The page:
These duties include serving as Assistant Nurse Manager on a Medical/HIV/Aids Unit, Charge Nurse for an Orthopedic Unit and Recovery Room and Orientation/Education Officer for newly recruited Army Nurses. These duties were performed with a 1,000 bed hospital unit, the largest in the United States.

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Linda McKnight
Navy 1983 - 1989
Army Reserve 2009 - Present.
Chaplain Resident, Chaplain Services.

“As a Veteran myself, I understand the personal sacrifices required to serve in the Armed Forces in order to guard America's freedom and our way of life. Those who served in combat have made even greater sacrifices, enduring greater hardships, and in many cases, continue to bear the scars of war. There are scars that are seen and those which are unseen except in the minds of warriors who continue to suffer years, even decades, after their service. Our Veterans deserve the best medical care possible, and I am honored to contribute to their care.”

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Denise M. Ritchie
Air Force 1977 - 1986
Clinical Pharmacist, Gold and women’s Wellness Team

“Most of my military career I spent caring for servicemembers, and it seems only natural I continue to serve at the Atlanta VA Medical Center.  I believe in our VA medical system.”

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Xersalyn Threet
Navy 1992 - 1999
Licensed Clinical Social Worker, Social Services

“I enlisted in the military to “see the world.” Now I’ve joined the VA team to serve Veterans by providing them opportunities to receive services that I didn’t know existed before I started working here.”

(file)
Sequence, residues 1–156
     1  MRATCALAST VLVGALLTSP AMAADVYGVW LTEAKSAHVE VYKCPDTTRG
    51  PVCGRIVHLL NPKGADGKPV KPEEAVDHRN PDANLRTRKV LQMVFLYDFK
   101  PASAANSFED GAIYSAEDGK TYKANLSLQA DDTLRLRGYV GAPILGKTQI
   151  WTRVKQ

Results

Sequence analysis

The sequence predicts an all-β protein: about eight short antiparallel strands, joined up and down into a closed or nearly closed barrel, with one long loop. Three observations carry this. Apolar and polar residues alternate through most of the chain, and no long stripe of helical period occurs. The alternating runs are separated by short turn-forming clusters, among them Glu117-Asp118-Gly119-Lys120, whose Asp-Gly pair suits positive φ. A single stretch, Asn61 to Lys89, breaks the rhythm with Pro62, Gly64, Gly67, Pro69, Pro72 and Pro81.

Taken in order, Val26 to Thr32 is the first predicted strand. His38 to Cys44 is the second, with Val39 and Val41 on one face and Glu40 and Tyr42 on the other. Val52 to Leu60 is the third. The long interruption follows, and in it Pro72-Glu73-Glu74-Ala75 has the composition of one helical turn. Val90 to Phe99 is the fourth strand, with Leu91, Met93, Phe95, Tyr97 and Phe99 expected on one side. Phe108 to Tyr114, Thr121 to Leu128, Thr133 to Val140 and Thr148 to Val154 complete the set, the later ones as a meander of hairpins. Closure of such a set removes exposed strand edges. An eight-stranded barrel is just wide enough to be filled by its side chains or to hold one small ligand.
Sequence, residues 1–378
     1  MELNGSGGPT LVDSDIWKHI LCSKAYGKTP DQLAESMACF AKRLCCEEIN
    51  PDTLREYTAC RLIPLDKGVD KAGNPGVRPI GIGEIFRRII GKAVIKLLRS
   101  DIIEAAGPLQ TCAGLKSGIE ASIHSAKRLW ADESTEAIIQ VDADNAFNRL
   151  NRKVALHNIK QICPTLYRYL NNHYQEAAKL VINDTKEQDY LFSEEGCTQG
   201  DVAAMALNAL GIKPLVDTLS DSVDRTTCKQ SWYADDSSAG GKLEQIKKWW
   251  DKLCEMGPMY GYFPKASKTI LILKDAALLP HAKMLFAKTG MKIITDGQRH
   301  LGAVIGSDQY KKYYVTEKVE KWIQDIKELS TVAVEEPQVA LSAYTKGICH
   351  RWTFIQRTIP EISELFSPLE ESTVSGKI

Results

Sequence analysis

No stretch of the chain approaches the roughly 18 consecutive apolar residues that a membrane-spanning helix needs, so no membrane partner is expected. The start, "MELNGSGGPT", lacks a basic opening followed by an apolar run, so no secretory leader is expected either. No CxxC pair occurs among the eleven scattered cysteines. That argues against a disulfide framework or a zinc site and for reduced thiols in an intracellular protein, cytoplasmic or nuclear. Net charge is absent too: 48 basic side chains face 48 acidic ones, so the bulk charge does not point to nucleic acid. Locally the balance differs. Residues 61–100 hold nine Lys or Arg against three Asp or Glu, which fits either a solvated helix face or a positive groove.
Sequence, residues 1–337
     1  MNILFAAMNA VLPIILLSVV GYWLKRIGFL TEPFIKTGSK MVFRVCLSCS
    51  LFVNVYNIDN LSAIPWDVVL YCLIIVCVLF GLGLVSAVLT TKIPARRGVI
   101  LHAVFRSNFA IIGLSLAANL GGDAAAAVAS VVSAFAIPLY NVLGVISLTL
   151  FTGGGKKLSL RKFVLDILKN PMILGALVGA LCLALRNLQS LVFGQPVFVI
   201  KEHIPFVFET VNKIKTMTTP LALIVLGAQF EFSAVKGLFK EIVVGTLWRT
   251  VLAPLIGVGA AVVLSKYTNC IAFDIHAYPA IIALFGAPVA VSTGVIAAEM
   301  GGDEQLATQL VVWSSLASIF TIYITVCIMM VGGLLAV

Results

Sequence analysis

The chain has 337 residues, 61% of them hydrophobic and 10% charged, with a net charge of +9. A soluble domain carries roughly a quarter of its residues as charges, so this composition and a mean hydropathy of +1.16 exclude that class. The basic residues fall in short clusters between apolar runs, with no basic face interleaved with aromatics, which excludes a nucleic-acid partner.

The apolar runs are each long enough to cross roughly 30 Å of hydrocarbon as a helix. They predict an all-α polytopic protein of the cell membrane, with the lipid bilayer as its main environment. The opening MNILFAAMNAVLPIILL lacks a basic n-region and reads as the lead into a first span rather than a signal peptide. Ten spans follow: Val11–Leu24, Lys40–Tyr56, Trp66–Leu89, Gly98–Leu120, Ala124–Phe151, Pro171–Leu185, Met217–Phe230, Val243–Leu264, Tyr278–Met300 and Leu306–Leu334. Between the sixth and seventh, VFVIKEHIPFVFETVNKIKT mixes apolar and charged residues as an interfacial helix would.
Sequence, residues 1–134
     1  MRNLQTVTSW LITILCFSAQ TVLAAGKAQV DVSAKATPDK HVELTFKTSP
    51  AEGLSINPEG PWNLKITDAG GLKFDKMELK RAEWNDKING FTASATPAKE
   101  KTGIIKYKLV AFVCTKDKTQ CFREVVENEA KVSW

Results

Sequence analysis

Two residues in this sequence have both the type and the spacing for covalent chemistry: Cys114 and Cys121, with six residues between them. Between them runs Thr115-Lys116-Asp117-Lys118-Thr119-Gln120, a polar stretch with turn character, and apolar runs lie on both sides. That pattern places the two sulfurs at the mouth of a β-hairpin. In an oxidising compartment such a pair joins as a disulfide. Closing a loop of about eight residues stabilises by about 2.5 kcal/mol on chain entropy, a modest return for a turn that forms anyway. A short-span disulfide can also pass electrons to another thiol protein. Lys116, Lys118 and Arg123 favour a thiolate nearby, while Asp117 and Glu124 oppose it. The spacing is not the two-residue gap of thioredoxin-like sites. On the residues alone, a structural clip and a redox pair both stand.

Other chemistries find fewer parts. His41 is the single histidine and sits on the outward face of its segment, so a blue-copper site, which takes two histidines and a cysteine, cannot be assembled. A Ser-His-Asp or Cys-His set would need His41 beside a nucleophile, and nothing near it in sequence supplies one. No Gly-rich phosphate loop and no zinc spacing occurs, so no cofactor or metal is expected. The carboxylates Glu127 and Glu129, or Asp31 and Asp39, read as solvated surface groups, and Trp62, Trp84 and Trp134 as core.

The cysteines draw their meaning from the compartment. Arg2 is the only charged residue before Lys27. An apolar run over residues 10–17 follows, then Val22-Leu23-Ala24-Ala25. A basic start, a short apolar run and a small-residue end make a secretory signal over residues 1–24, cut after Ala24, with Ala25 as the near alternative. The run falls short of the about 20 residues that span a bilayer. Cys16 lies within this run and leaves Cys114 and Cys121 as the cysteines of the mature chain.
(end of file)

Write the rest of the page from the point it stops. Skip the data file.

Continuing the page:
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Claudia Taylor
Air Force 1977-2003
Clinical Nurse Specialist/Psychotherapist,  Mental Health

“It is important to me to reach out and touch the lives of other Veterans, especially female Veterans, to contribute to, and make a difference in their lives. After dedicating one's self to defending one's country, this should certainly warrant receiving the best possible care available after discharged. We owe the very best we have to offer to our Veterans and I am especially committed to increasing recognition of the needs of our female Veterans.”

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Sharon McCoy-Adeoye
Army 1983 – 1989
Licensed Practical Nurse, Medical Specialty Care

“I served because of the pride I have in the United States; and, I am proud to be a Veteran.

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Janet S. Williams
Army 1974 – 1982
Medical Support Assistant, Surgery

“I enlisted in the Army because I wanted to be all that I could be. I wanted to be a part of an organization whose sole mission was to allow us to continue to live and enjoy the freedom that we enjoy today.